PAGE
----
Let me give you an example. All people are equal. We can all agree on that (I hope). A bunch of people living together will create a city. Cities, however, are NOT equal, despite the fact that they are comprised of people who ARE equal. Kind of see what I'm saying?

Back to the point about killing the school teacher. Yes, I agree, there should be rules regarding the murdering of innocent victims during times of war. But Seediq Bale was not a war; it was a rebellion against oppression. And for the children, the oppression came from their teachers who beat them for being stupid, for being smart, for winning a contest against a Japanese kid, for wearing their ancestral clothes, for speaking their native tongue at school, for refusing to swear their allegiance to Japan, you name it. So while I don't necessarily agree with the killing, I certainly do understand it.
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Re: Seediq Bale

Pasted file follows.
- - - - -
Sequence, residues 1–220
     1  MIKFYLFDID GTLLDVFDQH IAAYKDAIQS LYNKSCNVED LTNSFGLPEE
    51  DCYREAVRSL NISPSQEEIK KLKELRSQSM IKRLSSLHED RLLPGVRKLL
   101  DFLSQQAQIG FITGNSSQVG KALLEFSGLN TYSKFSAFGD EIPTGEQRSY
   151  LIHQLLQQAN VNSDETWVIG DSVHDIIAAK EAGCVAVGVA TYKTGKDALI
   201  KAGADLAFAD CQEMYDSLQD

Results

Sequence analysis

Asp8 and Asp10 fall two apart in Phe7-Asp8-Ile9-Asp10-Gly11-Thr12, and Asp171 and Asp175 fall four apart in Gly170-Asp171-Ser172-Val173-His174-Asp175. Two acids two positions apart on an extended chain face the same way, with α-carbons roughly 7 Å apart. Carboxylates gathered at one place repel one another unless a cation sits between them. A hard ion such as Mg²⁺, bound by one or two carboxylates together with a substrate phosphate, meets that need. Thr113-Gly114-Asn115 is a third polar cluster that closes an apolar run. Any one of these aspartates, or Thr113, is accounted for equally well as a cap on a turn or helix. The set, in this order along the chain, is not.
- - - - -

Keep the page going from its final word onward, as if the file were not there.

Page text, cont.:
Postby finley » 24 Sep 2011, 22:12

Bu Lai En: it's true that those codes are often ignored, but the fact that they exist at all acts as a brake on the worst excesses. When breaches do occur, the do at least register as breaches and cause shame to those involved. And I wasn't thinking of "chivalry", either in the west or in pre-war Japan, which was indeed just a ritualisation of violence. I was referring to the basic understanding that war is "politics by other means", and is fought between armies, not between peoples. And obviously those codes don't make war any less disgusting, or less likely to happen - I never said that. What they do is ensure the genetic survival of the societies involved, and they minimize (NOT eliminate!) the depth of psychological trauma involved. That's about the best that can be expected.

An interesting example was the behaviour of Russian soldiers during WW2, who were famous for their shocking behaviour (in some instances as bad or worse than the Japanese). The Russians, at that point in history, were a traumatized people. Many of the traditional social restraints on (for example) murder and torture had been removed by the Revolution and its aftermath. A counterpoint might be the behaviour of the British in colonial India, who were racist and treated the Indians as inferiors and slaves, but outright cruelty and abuse was (relatively) rare, despite the fact that they could (in theory) do what the hell they wanted with impunity. The only restraint was the British social code that said certain things are simply "not done".